issued a book, ' Le Pyrophone. Flammes chai
antes,' which reached its 4th edition in 18'
(See also 'Journal of Society of Arts,' Feb. ;
1S75.) Shortly after this he was seized w
serious illness, and expired April 6, 18S2. I
memoir occupies the concluding chapters of
father's life by H. Ludwig (B. & H. 1886.) [(

KEAENS, William Hexet. A promint
figure in London musical life in the middle p:
of the century. He was born at Dublin in I7(
and came to London in 181 7, where he plaj
the violin at Covent Garden Theatre. He 80
however became the musical adviser to Am<
and Hawes, and 'Der Freischiitz,' 'A^or a
Zemira,' ' Eobert the DevU,' and many otl:
foreign operas were brought out under his din
tinn at Covent Garden. Mr. Kearns -wrote t
additional wind accompaniments to the ' Mi
siah ' and ' Israel in Egypt,' for the Festival
Westminster Abbey in 1834, ^^ "'^1^ ^ ^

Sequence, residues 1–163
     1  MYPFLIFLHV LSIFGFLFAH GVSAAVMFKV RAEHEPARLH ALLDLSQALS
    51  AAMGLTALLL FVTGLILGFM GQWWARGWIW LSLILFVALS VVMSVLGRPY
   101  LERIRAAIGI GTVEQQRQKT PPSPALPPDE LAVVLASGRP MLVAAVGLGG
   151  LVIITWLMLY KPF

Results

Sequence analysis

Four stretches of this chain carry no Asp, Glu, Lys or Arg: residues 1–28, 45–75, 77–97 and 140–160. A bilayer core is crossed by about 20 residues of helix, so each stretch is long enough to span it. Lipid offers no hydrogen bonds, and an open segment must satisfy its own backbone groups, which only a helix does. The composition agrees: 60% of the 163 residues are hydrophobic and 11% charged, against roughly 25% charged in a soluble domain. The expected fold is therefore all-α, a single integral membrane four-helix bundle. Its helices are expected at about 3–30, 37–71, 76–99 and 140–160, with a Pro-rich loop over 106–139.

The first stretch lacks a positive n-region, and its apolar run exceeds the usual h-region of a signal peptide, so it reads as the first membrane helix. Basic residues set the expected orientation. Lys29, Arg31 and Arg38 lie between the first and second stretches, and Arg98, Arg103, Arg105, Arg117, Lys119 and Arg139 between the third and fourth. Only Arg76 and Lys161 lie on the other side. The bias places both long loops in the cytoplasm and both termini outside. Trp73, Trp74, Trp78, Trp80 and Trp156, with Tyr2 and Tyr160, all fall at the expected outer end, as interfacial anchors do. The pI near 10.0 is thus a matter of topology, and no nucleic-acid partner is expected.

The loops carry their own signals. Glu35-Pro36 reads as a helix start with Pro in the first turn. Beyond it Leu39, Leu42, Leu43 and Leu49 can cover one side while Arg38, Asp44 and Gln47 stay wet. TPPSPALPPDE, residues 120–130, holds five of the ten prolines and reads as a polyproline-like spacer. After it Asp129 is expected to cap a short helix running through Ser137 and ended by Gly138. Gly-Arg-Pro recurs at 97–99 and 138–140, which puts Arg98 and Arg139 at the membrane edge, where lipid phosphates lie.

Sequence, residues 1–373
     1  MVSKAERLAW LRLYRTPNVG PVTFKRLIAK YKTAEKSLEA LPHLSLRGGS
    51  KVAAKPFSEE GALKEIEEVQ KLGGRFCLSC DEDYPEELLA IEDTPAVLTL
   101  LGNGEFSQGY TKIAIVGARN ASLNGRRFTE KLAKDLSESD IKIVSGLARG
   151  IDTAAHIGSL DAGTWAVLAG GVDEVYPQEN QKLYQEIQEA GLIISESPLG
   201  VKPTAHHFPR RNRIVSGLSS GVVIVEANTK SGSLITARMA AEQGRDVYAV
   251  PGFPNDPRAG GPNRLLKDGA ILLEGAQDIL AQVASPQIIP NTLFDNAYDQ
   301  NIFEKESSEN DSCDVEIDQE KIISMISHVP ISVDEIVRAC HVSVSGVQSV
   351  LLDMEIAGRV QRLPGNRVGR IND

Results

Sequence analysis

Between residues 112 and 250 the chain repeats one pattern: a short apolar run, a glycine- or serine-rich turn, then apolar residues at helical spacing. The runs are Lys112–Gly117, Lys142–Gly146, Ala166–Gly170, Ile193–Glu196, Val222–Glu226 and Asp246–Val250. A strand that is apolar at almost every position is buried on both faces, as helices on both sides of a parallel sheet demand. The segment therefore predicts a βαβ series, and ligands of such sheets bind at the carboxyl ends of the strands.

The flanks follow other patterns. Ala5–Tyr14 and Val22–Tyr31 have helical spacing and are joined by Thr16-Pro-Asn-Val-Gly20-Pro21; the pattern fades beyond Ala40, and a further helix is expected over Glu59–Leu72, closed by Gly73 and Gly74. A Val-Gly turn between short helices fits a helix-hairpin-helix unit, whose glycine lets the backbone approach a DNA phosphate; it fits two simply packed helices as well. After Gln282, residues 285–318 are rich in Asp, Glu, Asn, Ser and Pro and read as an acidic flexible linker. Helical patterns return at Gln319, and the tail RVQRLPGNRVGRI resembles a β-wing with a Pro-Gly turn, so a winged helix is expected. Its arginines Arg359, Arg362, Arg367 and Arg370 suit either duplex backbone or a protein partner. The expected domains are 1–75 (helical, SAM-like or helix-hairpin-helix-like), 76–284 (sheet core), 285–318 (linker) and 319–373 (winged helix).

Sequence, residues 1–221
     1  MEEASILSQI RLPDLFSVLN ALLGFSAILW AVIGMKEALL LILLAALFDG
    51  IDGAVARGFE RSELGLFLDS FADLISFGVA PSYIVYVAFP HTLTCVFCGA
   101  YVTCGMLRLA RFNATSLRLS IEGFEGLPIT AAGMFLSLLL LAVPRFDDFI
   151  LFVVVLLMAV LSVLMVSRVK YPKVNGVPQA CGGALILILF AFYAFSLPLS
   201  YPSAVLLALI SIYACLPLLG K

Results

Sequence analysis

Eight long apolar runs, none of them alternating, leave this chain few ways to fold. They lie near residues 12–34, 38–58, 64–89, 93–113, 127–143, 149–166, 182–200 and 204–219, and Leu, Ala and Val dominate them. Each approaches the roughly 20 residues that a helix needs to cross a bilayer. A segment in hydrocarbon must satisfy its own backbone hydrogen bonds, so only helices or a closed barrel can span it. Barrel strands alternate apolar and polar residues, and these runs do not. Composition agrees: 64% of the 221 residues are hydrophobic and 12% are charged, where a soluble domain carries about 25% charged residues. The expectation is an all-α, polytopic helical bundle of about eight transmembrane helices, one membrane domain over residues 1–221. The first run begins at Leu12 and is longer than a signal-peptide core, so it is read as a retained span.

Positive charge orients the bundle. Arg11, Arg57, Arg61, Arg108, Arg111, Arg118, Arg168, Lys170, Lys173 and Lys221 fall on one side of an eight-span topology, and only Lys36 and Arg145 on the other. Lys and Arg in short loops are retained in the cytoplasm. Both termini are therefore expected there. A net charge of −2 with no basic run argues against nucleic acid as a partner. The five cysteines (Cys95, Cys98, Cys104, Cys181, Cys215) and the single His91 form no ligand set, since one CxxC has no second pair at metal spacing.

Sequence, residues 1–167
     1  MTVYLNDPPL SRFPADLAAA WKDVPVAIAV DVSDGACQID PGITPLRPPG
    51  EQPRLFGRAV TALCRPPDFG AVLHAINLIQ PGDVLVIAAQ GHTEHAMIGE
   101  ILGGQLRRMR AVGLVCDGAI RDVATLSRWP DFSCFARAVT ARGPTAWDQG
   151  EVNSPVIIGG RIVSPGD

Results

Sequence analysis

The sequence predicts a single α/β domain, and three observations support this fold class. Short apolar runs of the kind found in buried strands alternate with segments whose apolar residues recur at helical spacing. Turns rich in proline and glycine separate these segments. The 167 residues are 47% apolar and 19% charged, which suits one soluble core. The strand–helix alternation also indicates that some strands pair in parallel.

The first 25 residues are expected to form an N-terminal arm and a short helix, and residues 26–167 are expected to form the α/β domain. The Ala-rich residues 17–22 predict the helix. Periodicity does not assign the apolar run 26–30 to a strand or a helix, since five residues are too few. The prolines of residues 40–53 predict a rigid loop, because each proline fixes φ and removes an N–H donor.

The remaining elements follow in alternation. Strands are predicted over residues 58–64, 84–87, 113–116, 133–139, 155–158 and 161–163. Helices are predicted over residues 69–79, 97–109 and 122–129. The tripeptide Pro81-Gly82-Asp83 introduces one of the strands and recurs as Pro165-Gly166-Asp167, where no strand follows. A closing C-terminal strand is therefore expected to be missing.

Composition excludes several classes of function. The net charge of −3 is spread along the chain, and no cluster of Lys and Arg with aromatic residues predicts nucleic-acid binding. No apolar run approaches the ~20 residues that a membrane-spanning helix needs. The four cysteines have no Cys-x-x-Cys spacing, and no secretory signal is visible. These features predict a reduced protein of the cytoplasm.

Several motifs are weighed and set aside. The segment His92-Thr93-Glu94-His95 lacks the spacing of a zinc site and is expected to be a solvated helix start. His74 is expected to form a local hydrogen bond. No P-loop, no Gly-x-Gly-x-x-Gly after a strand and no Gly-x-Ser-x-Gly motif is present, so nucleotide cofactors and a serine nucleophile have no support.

Handel's choruses at provincial festivals.
1845 he assisted Gauntlett in editing the 'Coi
prehensive Tune-book.' He died in Prino
Place, Kennington, Dec. 28, 1846. [C

KEELEY, Mes. (Maet Anjte Gowaed), w
born at Ipswich Nov. 22, 1805. Being endoW'
with a pure soprano voice of remarkable coi
pas.-J, she was apprenticed for seven )'ears to t
well-known teacher of music, Mrs. Smart
sister-in-law of Sir George Smart), under who
she made her first appearance on the stage
Dublin in 1S24. On July 2, 1825, she appeart
in London at the Lyceum, then under the m
nagement of Sir. ArnoW. The performan
consisted of ' The Beggar's Opera ' (with Thorn
Miss Stephens, and Miss Kelly), Shield's ' R
sina,' and 'The Spoiled Child,' in which lasttv
pieces Miss Goward played. The event is thi
chronicled in the ' Times ' (July 4) : — ' Mi
Goward, the debutante, appeared as Eosina
the opera of that title. She is young, of a slei



KEELEY.



KENNEDY.



689



figure, and with intelligent features. Her

;e is prett}', and after she had overcome the